The HTC One A9 was one of my favorite Android phones to be produced in 2015. With a review right around the corner, I can say that the firm's latest flagship - the HTC 10 - will be among my favorite of 2016. Well, at least during the first half.
The HTC 10 is a delight to use, but one thing bothers me: the camera. When we compared it to the Microsoft Lumia 950 and the iPhone 6s Plus, it was clear that - like the other Ultrapixel cameras that the struggling firm has used - the photos were overexposed, creating an oversaturated image that often looked blown out with inaccurate colors.
Of course, those other Ultrapixel cameras were a measly 4 MP. We blamed the poor photos on the low resolution (which wasn't fair to begin with) and the fact that when cropped or zoomed, the images would rapidly degrade.
Now, it's time to prove that Ultrapixels are just a bad idea. We're going to compare the HTC 10's camera to the One A9's. As far as specs go, the 10 should win all the way. It has a larger sensor and larger aperture. One uses phase detect autofocus while the other uses laser focus.
Let us show, once and for all, that HTC does a better job with its cameras when they don't go the Ultrapixel route.
|HTC 10||HTC One A9|
|Resolution||12 MP, Front 5 MP||13 MP, Front 4 MP|
|Video||4K - 30 fps, Front 1080p - 30 fps||1080p - 30 fps, Front 1080p - 30 fps|
|Aperture||f/1.8, Front f/1.8||f/2, Front f/2|
|Camera features||OIS, laser focus, dual LED flash, 1.55 µm pixel size, Front OIS, 1.34 µm pixel size, LCD flash||OIS, dual LED flash, PDAF, Front 1/3" sensor size, 2 µm pixel size|
When HTC calls something a pixel an Ultrapixel, it means that it's large. For example, the One and the One M8 used 2 µm, which is huge. In theory, larger pixels should create an image with less noise, and that's true.
Unfortunately, HTC seems to want to oversaturate the images as well. Yes, this creates more vivid colors and to the layman, it probably makes for a prettier picture. Sadly, it also distorts the colors.
Let's take a look at some samples.
|HTC 10||HTC One A9|
As we can see from the samples, there are some big problems here. Note the purple/blue flowers toward the top. Those are blue in real life, but they are most definitely purple when taken with the 10's camera.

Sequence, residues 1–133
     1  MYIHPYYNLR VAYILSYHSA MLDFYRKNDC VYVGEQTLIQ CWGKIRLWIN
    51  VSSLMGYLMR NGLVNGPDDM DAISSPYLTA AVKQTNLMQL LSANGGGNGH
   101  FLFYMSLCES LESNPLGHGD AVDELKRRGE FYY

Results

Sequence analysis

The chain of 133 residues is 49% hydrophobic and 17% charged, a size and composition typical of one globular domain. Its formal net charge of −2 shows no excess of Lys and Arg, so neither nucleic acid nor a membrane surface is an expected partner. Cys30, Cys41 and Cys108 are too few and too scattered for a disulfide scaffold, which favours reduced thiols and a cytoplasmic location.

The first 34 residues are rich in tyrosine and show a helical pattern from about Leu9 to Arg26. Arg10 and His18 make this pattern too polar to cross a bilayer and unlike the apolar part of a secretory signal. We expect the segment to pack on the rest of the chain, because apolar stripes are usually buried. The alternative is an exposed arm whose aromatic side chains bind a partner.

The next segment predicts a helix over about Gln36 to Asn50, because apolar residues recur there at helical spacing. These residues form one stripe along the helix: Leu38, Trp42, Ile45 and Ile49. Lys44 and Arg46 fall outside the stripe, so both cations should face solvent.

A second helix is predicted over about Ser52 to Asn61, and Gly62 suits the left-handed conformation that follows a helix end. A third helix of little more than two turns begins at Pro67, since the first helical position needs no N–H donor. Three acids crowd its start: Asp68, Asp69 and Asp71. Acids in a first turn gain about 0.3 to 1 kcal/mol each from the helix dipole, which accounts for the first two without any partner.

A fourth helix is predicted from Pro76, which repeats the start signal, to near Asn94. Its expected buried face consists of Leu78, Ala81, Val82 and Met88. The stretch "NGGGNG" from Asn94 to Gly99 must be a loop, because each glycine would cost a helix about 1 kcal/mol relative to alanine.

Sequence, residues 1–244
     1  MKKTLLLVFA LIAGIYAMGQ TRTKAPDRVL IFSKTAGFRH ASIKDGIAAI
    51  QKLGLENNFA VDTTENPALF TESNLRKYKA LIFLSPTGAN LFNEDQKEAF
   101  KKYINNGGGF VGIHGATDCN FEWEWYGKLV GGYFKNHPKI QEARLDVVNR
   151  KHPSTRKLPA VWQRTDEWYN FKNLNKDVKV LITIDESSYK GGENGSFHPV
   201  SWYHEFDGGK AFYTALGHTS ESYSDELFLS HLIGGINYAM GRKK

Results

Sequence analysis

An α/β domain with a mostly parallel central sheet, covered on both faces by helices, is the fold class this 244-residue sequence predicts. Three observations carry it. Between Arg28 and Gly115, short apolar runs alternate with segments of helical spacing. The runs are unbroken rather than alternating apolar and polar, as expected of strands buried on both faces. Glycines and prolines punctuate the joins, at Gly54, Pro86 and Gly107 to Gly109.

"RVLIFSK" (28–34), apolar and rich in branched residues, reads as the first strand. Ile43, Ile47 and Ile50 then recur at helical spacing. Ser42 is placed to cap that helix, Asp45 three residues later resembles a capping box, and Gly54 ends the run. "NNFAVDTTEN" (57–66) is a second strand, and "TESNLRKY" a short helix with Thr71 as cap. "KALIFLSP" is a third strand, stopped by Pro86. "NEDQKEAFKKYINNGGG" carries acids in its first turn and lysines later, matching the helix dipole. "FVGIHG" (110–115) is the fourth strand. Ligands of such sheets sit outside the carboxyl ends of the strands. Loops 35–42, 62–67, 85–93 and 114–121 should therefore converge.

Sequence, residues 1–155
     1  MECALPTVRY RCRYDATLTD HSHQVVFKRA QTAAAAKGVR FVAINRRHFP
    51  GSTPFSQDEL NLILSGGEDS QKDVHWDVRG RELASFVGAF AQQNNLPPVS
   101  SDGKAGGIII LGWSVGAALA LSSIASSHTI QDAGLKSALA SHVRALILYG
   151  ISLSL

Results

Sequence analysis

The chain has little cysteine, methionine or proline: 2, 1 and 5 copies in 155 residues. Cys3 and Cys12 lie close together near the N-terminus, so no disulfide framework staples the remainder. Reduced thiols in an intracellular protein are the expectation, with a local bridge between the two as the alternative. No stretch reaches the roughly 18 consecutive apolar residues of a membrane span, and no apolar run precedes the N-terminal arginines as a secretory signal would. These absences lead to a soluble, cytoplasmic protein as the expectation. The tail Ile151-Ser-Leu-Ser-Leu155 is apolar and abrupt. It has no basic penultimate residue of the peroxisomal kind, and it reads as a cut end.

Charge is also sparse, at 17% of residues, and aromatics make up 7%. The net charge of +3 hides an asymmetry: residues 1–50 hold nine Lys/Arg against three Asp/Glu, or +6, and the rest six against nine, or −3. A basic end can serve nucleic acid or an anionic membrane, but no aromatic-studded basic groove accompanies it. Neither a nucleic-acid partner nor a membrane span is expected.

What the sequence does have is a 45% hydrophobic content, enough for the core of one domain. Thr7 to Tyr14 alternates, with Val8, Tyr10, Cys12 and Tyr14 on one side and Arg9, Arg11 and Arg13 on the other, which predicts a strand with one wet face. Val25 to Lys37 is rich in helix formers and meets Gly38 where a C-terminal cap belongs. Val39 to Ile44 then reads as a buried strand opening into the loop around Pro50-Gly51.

I keep saying that these photos are overexposed, but how about if I prove it? The 10 actually has a pretty nifty slider mechanism when you tap to focus that allows the user to adjust the exposure. If you're not familiar with what that will do, it will also darken the image.
Both of these photos are taken with the HTC 10.
To take that second picture, I had to turn the exposure all the way down, but the resulting blue is pretty true to life.
You'll also notice in the images above that the lighting looks blown out in comparison with the One A9. This is also due to the way the One A9 meters the photos. When it focuses on a light, it handles it well, but the rest of the image can be very dark.
Still, the blown out photos from the 10 can once again be fixed by adjusting the exposure.
As we can see, when trying to tackle this in a low light setting, fixing the lighting can cause the image to simply be too dark. Of course, you can then try playing with the Pro settings to get the desired effect.
Of course, with the One A9, the user has the option to tap to focus on the light. This will cause the photo to be metered differently, which will end up causing it to be too dark.
|HTC 10||HTC One A9|
Now, we tap to focus on the One A9, and lower the exposure on the 10.
The moral of the story here is that it's great to have exposure controls, but you shouldn't need to use them frequently. At least, they shouldn't be necessary to get accurate colors.
It's fair to say that most users want to take their phone out of their pocket, snap a photo, and put it back in their pocket, not missing their shot. Forcing them to use manual controls goes against the essence of what is a smartphone camera, assuming that the idea behind a smartphone camera is to capture the moment from wherever you are.